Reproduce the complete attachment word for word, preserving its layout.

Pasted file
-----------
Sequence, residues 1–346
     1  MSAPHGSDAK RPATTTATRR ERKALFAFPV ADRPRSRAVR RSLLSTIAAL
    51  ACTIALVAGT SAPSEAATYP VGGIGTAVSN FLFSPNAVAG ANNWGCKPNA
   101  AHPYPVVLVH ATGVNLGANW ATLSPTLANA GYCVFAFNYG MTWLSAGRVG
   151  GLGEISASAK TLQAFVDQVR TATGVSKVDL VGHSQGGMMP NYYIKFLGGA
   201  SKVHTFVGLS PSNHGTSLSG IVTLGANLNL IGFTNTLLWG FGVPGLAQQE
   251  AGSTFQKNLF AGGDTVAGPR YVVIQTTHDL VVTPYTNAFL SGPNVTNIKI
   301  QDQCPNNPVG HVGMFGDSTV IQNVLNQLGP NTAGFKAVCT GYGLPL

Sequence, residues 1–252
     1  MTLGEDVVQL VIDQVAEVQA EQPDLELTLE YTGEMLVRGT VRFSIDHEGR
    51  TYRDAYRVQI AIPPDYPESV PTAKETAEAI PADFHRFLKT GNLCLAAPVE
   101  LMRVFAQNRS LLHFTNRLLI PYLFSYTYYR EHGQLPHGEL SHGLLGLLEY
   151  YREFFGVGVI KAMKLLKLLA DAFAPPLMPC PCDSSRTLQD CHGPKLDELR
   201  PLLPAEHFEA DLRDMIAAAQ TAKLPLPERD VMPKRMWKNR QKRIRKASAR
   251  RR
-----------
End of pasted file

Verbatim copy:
Sequence, residues 1–346
     1  MSAPHGSDAK RPATTTATRR ERKALFAFPV ADRPRSRAVR RSLLSTIAAL
    51  ACTIALVAGT SAPSEAATYP VGGIGTAVSN FLFSPNAVAG ANNWGCKPNA
   101  AHPYPVVLVH ATGVNLGANW ATLSPTLANA GYCVFAFNYG MTWLSAGRVG
   151  GLGEISASAK TLQAFVDQVR TATGVSKVDL VGHSQGGMMP NYYIKFLGGA
   201  SKVHTFVGLS PSNHGTSLSG IVTLGANLNL IGFTNTLLWG FGVPGLAQQE
   251  AGSTFQKNLF AGGDTVAGPR YVVIQTTHDL VVTPYTNAFL SGPNVTNIKI
   301  QDQCPNNPVG HVGMFGDSTV IQNVLNQLGP NTAGFKAVCT GYGLPL

Sequence, residues 1–252
     1  MTLGEDVVQL VIDQVAEVQA EQPDLELTLE YTGEMLVRGT VRFSIDHEGR
    51  TYRDAYRVQI AIPPDYPESV PTAKETAEAI PADFHRFLKT GNLCLAAPVE
   101  LMRVFAQNRS LLHFTNRLLI PYLFSYTYYR EHGQLPHGEL SHGLLGLLEY
   151  YREFFGVGVI KAMKLLKLLA DAFAPPLMPC PCDSSRTLQD CHGPKLDELR
   201  PLLPAEHFEA DLRDMIAAAQ TAKLPLPERD VMPKRMWKNR QKRIRKASAR
   251  RR